Recent additions to the plant include concrete sidewalks, driveway, and installation of a generator and a 43,000 lb. water filter, which was hoisted into the building by a large crane last week. The water plant was designed to blend in with existing properties nearby, and from the outside, it looks like normal construction on a house.
“Everything is on track now,” said Mayor Steve Swanson. He credits contractor Leander Construction of Canton, IL and engineering firm Willett, Hofmann & Associates of Dixon for “doing a great job” and keeping pace with the project.
Current estimates have the new well and water system up and running by mid-February, if not before. Nicor gas meters need to be installed on slabs in the rear of the building, where a new service road was built to keep heavy traffic off the lane. Black top and new curbing for the cul-de-sac were slated for the fall but might be pushed back to the spring.
Even though it looks like a two-story residential home from the outside, the inside tells a different story. There’s no upper floor though the ceilings reach 18 ft. to accommodate the filter tank. The first floor is the operations center with a lab for water testing and a storage facility for chemicals. The outdoor windows are tinted, “but if you look in, you wouldn’t see much,” said Swanson.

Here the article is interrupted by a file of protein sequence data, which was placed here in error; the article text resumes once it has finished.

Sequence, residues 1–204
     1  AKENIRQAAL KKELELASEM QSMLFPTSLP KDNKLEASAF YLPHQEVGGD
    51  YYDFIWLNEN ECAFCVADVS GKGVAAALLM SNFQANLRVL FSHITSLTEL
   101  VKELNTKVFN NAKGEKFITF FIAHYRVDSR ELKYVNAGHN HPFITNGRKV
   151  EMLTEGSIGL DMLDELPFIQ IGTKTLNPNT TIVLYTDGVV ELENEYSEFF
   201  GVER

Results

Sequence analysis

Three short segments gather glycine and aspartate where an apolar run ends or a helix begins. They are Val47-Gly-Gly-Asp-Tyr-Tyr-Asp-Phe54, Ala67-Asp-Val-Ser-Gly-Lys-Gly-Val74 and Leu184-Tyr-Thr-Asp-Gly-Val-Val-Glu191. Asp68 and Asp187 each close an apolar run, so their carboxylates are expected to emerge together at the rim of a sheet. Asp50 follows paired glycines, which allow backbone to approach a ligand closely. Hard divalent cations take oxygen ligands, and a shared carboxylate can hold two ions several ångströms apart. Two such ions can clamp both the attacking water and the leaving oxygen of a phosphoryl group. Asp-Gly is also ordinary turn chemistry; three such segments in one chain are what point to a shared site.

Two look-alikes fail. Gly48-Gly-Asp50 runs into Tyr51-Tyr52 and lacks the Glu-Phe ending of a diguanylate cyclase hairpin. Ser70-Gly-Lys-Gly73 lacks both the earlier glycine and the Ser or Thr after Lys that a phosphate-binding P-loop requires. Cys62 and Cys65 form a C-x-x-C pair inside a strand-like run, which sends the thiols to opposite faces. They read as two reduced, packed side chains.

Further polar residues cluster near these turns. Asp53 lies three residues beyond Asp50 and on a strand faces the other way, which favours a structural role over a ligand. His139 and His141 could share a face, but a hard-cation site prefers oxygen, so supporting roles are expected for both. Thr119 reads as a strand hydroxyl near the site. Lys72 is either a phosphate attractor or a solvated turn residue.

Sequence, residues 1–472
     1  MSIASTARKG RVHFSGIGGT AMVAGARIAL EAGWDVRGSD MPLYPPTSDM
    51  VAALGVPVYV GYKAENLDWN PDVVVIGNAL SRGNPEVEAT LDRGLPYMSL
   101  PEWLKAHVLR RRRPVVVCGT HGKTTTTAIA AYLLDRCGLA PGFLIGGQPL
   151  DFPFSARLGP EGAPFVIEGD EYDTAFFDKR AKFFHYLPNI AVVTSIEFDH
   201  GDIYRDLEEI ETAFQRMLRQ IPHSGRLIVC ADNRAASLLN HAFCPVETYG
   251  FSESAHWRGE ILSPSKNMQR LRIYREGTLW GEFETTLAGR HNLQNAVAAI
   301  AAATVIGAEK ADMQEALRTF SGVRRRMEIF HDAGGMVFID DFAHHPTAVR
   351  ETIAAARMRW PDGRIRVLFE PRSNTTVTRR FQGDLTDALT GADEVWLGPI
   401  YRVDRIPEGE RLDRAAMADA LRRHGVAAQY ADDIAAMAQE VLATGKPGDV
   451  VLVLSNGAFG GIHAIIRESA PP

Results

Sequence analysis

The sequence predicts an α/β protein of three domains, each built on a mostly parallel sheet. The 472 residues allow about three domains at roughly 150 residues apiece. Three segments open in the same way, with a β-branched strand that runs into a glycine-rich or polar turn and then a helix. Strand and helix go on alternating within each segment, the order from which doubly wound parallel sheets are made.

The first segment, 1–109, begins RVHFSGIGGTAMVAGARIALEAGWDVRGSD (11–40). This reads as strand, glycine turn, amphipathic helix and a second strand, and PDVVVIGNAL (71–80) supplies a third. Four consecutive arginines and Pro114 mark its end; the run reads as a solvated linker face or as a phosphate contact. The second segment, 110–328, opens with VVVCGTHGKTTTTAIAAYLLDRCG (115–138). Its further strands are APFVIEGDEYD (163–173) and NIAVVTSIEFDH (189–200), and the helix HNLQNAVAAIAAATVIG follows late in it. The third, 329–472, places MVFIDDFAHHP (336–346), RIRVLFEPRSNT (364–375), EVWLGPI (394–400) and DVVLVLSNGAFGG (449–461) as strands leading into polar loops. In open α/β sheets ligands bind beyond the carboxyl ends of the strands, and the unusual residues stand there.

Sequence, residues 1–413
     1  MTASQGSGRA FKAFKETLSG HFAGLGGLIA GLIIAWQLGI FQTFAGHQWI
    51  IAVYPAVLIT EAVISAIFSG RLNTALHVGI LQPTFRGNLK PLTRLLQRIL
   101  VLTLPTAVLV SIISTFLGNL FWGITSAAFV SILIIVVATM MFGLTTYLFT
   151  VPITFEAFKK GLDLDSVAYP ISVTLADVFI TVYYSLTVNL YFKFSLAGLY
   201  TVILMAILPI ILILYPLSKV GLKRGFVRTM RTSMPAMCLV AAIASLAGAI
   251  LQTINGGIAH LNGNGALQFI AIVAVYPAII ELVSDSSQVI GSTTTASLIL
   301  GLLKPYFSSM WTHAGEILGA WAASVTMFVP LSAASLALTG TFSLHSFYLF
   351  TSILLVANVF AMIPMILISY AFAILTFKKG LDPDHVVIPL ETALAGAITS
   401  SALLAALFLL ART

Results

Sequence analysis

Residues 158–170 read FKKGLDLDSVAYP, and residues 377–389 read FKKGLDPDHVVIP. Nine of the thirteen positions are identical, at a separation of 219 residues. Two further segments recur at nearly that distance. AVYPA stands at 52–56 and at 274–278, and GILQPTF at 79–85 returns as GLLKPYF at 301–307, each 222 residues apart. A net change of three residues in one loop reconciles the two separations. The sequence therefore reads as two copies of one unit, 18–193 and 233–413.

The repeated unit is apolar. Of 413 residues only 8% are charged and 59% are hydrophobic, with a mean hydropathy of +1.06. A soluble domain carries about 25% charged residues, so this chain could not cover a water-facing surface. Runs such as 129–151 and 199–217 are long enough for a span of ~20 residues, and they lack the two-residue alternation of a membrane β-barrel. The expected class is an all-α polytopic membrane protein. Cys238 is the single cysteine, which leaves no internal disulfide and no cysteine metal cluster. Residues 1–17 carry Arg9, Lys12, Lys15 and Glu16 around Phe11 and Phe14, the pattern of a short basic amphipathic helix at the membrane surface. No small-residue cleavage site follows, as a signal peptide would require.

After the site work is complete, mounds of dirt surrounding the site will be terraced into landscape. To blend in with the neighborhood, he even envisions rocking chairs and a table on the porch.
The new well and water plant will replace the city’s aging infrastructure by Jaycee Park, which is closed off until the new system goes online. Swanson said the current water plant was built in 1978 and after 40-plus years of operations, maintenance on the old filter has become a challenge. Instead of regularly sending in test samples, plant operators will be able to perform lab tests on-site at the new facility.
Swanson said with new state and federal rules and regulations for wells and treatment, now was the time to modernize Prophetstown’s infrastructure. The water plant is similar to facilities in Dixon, IL that he toured prior to the city’s approval of the design.
The $6.3 million dollar project was awarded an IEPA grant for $1.25 million, with the council approving a $5.67 million loan for the remainder of the funds. The loan will take 30 years to pay off, with increases to business and residential water rates to pay for it.
Planning for the project has been many years in the making, with a lengthy delay due to Covid. Construction officially started in March 2023 with an estimated timeframe of a year to complete. With regular maintenance and upkeep, the plant will supply water to the community for decades to come.
Mayor Steve Swanson documented the installation of the massive water filter last week.
Progress on the water plant on Wednesday, December 8.